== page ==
In this thought-provoking McKinsey article, the authors highlight the extreme difficulty of taking your company from middle of the pack performance (the 60% of the world’s largest companies that struggle to generate profit) to becoming a top performer (the top quintile where most of the economic profit is made). Over a 10-year period of analysis, only 8% of the companies studied were successful in making the leap to becoming top performers, primarily due to their inability to conceptualize and execute a strategy based on big, transformational moves.
The research presented points to a few essential shifts for executive teams to make these performance leaps, including the critical necessity of moving from incrementalism in the planning and budgeting process to a mindset of focusing resources on a select number of high-impact breakout moves.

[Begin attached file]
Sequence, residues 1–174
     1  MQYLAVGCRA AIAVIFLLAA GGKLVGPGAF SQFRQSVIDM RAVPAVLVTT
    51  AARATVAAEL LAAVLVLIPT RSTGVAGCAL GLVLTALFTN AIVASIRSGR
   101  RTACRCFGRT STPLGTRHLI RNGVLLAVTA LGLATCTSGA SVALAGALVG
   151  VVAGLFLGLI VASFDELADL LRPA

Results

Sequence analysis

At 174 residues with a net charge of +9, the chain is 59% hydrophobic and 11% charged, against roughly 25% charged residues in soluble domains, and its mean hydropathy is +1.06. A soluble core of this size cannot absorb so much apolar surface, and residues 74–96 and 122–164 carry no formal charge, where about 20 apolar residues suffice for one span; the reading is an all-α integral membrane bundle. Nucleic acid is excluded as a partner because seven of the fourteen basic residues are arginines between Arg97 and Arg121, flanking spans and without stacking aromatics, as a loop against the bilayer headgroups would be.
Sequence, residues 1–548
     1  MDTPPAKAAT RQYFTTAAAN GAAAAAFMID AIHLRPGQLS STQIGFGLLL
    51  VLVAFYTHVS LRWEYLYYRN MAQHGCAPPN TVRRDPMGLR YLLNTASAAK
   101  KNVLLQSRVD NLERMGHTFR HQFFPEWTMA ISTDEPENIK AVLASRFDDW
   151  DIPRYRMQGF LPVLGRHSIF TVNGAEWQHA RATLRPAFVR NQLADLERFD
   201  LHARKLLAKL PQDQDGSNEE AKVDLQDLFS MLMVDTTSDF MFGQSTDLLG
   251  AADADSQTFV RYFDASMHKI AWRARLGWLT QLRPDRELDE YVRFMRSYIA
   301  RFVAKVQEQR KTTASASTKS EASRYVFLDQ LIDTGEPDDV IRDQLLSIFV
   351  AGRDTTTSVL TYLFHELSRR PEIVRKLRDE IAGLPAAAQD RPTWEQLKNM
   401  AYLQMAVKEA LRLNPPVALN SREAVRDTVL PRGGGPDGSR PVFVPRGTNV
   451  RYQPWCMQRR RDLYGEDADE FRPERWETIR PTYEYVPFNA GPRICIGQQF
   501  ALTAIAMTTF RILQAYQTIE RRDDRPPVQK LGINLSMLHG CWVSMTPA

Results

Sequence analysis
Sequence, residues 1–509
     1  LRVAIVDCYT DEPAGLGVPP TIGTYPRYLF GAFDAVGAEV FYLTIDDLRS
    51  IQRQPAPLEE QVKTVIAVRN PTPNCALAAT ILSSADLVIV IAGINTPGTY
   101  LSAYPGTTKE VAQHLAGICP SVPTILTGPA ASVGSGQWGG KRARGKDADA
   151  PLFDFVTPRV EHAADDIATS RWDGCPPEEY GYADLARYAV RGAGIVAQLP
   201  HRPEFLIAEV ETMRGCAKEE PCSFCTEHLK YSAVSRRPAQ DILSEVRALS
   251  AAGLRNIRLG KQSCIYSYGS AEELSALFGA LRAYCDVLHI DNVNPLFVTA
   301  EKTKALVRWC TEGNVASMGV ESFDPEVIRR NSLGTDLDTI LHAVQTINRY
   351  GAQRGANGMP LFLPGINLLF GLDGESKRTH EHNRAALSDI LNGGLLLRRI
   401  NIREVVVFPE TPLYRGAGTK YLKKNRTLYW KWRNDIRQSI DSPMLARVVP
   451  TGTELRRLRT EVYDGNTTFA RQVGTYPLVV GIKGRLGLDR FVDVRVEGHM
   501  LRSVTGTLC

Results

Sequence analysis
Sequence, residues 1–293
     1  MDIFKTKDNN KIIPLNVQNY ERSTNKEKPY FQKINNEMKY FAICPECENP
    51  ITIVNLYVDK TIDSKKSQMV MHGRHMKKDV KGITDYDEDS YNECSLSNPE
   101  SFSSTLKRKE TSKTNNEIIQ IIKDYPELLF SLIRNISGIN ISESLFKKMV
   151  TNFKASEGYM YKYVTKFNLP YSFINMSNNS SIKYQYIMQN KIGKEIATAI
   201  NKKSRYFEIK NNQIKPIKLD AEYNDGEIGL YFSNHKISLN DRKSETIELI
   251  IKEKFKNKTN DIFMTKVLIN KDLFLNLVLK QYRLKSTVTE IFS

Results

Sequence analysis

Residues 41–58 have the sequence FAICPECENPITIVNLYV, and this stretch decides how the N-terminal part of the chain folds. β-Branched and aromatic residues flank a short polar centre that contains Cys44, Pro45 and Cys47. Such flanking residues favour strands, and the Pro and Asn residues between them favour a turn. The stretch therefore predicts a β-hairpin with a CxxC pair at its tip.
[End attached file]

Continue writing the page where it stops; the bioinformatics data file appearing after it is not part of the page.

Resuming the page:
Indiggo’s experience in executing strategy with large, complex organizations fully supports this critical success factor. However, cascading that mindset and approach throughout an organization is exceedingly difficult. It challenges managers at all levels to be willing to consistently rethink the highest and best use of their teams’ resources to align to game changing strategic priorities. Many of these managers are understandably entrenched in non-agile behaviors due to a host of legitimate reasons:
- They have no clarity on what’s most important to the organization’s leadership
- They don’t have the ability/permission to say no to non-mission critical projects that are thrown their way
- They’re burdened with performance measures and rewards that often don’t link directly to corporate priorities
- They operate dangerously close to burnout due to an unreasonable number of responsibilities and demands, many of which create little or no value for themselves or the organization
For organizations to make performance leaps, they must work relentlessly to provide clarity to their managers on what really matters and must then free them up and incentivize them to focus on these core priorities. That way, when organizations do make big strategic bets, they are actually giving themselves and their people the means to succeed!